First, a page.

So Michel would you agree with Bell's derivation, if the hidden variable were discrete and we replaced integral .... rho(lamda) d lambda by sum ... p(lambda) ?
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### Re: Commonsense local realism refutes Bell's theorem

minkwe wrote:The suggestion by some that it doesn't matter so long as the average value of lambda is the same, is just silly and not worthy of a response.

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### Re: Commonsense local realism refutes Bell's theorem

Mikko ... thanks. That was helpful.

Why should any method of calculation be able to be used to construct an impossible table? Fred says the task is rigged (I think that his cynicism must be from being exposed to the problem longer than me)! QM says it is impossible. Michel's logic showed me that it is impossible in a 4xN table.

I am in danger of being seen as a heretic by the following, but I am sure someone will put me on the right path ...
my view is that the electron is only in spacetime at the two interactions (creation of the pair and measurement). I agree with QM that the particle is not in spacetime during the time of flight. That is why the QM calculations need extra dimensions. Ditto for a local hidden variable model, for which geometric algebra needs at least four spatial dimensions. QM and CA both need to do their calculations out of spacetime. Neither can make a 4xN table of outcomes with correl > 0.5.

I see two hidden variables (spin and angle) as being caused by physical properties of the electron. And those variables continue in the full dimensions of the particles. If an electron has a particular structure at creation giving it a particular angle, it will have that structure at later measurement, and would give the same angle inputted to the measurement. However the angle is not maintained through spacetime during the time of flight, but maintained by the many dimensions inhabited by the particle. That may not meet a definition of 'local'? That may not meet a definition of realism?

I see the hidden variables as 'local' because they are local to the particle, and part of its structure. I see the hidden variables as realistic because my own model of an electron is a concrete bunch of preons existing in more dimensions than 4. They are real enough to me but do not fit neatly into spacetime or into laboratory space. Except at interactions.

In other words, why cannot the hidden variables hide with the particle, wherever the particle is.
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### Re: Commonsense local realism refutes Bell's theorem

By the way, integrals can be completely avoided in deriving CHSH.

There are just 16 different possible values of the quadruple (A(a, lambda), A(a', lambda), B(b, lambda), B(b', lambda)). Without loss of generality we can replace "lambda" by this element of {-1, +1}^4. All integrals reduce to sums over the 16 elementary possibilities.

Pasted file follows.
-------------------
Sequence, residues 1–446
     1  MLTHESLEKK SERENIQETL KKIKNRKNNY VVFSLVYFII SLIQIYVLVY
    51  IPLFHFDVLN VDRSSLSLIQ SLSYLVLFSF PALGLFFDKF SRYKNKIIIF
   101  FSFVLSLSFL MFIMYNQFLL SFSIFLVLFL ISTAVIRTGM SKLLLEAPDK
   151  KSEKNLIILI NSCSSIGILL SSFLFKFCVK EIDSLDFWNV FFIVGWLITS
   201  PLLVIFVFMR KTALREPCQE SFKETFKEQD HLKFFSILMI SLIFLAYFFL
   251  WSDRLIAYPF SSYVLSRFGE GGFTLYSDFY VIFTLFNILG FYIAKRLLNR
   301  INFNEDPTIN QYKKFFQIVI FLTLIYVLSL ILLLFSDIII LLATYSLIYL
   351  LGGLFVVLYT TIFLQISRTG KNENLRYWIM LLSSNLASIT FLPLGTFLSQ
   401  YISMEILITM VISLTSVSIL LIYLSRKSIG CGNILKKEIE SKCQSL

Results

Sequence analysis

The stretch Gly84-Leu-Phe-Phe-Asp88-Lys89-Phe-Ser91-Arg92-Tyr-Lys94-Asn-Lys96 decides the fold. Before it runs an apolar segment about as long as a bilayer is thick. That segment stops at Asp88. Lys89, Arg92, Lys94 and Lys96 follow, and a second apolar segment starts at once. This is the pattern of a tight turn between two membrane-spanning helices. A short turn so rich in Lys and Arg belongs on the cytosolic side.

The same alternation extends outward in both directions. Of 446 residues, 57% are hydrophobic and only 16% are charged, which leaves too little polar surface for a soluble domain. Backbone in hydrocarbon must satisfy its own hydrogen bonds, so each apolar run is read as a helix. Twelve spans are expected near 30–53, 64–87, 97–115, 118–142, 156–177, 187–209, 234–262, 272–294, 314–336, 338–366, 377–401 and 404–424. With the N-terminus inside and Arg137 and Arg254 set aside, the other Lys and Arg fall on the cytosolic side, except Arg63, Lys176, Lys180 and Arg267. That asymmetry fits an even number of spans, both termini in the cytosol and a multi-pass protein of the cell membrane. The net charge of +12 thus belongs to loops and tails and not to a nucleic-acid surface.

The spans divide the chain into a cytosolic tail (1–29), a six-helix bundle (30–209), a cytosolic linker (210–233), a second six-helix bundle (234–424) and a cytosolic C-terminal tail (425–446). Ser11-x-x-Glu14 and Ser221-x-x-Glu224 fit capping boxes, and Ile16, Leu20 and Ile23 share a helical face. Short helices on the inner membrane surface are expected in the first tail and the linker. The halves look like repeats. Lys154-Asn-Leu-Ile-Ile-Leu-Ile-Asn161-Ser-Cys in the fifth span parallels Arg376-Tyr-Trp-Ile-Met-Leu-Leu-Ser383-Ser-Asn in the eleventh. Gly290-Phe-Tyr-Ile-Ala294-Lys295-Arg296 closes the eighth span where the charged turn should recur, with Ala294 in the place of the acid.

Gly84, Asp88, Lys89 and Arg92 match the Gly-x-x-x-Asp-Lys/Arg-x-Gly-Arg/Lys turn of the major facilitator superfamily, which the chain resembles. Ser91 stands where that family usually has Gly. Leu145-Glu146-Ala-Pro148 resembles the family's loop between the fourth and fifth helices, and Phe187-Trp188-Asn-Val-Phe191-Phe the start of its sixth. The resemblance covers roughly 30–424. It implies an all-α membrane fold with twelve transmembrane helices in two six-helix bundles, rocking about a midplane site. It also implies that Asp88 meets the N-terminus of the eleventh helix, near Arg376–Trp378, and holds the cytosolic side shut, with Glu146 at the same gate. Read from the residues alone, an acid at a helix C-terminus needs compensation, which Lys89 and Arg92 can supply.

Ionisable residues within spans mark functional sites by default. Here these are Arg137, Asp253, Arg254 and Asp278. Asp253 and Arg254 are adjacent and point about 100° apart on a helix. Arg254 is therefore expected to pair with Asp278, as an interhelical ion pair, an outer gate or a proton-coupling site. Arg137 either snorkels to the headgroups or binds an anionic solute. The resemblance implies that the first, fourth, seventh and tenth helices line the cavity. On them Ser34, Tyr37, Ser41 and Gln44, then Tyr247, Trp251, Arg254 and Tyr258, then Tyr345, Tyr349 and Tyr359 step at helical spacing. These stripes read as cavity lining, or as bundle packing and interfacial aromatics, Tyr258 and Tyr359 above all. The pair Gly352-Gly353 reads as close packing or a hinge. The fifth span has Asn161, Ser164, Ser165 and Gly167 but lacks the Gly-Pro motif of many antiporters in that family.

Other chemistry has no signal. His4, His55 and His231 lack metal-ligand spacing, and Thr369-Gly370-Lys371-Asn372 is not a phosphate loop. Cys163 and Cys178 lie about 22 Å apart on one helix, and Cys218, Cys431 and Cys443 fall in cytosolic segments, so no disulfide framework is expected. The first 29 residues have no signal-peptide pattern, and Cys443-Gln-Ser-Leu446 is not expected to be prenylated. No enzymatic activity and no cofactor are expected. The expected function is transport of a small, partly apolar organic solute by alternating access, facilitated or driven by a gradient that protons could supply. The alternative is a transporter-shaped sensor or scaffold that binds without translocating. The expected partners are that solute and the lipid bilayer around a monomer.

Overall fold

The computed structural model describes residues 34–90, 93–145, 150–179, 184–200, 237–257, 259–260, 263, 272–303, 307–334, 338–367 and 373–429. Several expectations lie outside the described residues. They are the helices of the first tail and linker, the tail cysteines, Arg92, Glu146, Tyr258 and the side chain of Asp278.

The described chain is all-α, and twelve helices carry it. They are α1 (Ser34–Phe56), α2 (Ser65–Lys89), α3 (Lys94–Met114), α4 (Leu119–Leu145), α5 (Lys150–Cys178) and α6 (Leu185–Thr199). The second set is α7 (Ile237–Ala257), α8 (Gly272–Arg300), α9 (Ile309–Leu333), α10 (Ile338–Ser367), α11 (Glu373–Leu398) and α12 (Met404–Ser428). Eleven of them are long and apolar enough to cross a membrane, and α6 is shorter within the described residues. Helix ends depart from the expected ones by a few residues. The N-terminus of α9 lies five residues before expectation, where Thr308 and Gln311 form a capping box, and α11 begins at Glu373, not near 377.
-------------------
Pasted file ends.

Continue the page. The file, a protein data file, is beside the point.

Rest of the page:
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### Re: Commonsense local realism refutes Bell's theorem

Ben6993 wrote:In other words, why cannot the hidden variables hide with the particle, wherever the particle is.

Because of Bell? Because, if you were right, then there would exist functions A(a, lambda) and ... and hence ... and hence your model could not reproduce the singlet correlations.

But maybe you don't believe in the singlet correlations.

Or maybe it is OK by you that Alice's choice of a influences not only the lambda of her particle but also that of the other particke.
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### Re: Commonsense local realism refutes Bell's theorem

Ben,
The reason QM does not produce a 4×N table has nothing to do with non locality. It is the same reason why a LHV model of the EPRB experiment does not produce one -- is, it is impossible to measure a particle more than once. In QM terms, the E(a,b) measurement does not commute with the E(a,c) measurement on the same set of particles.

As Adenier explained, there are two possible interpretations for the QM E(a,b), E(a,c).
a) strongly objective: outcomes from a single set of particles ( the same set of lambdas in each expectation value).
b) weakly objective: outcomes from two separate sets of particles (different sets of lambdas)

Bell's inequalities can only be derived for the strongly objective case since you need the same set of lambdas in both for the algebra to proceed. Yet for the strongly objective case the QM expectations do not commute /are incompatible, so you can not simply add outcomes from two separate individual measurements and expect to get the same result as if you had measured both together.

By trivially adding the QM expectations as Bell does, when demonstrating violation by QM, he is assuming that they commute, which is the weakly objective interpretation. So the schism is due to erroneously mixing inequalities derived under a strongly objective interpretation with expectation values from a weakly objective interpretation.

This is the same error von Neumann made in his no-go theorem, which Bell described as silly.

Some here even go as far as to claim that there is no difference between the strongly objective and the weakly objective views. An idea I already demolished using a simple coin toss example(viewtopic.php?f=6&t=44#p1439), since it implies that counterfactual probabilities are the same as actual ones.

Note: All EPRB experimental results are necessarily weakly objective. The weakly objective inequalities have different upper bounds which have never been violated.

What Watson shows is that Bell's inequalities can not be derived under the weakly objective interpretation, which we must use if the inequalities should be relevant for actual experimental results.
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### Re: Commonsense local realism refutes Bell's theorem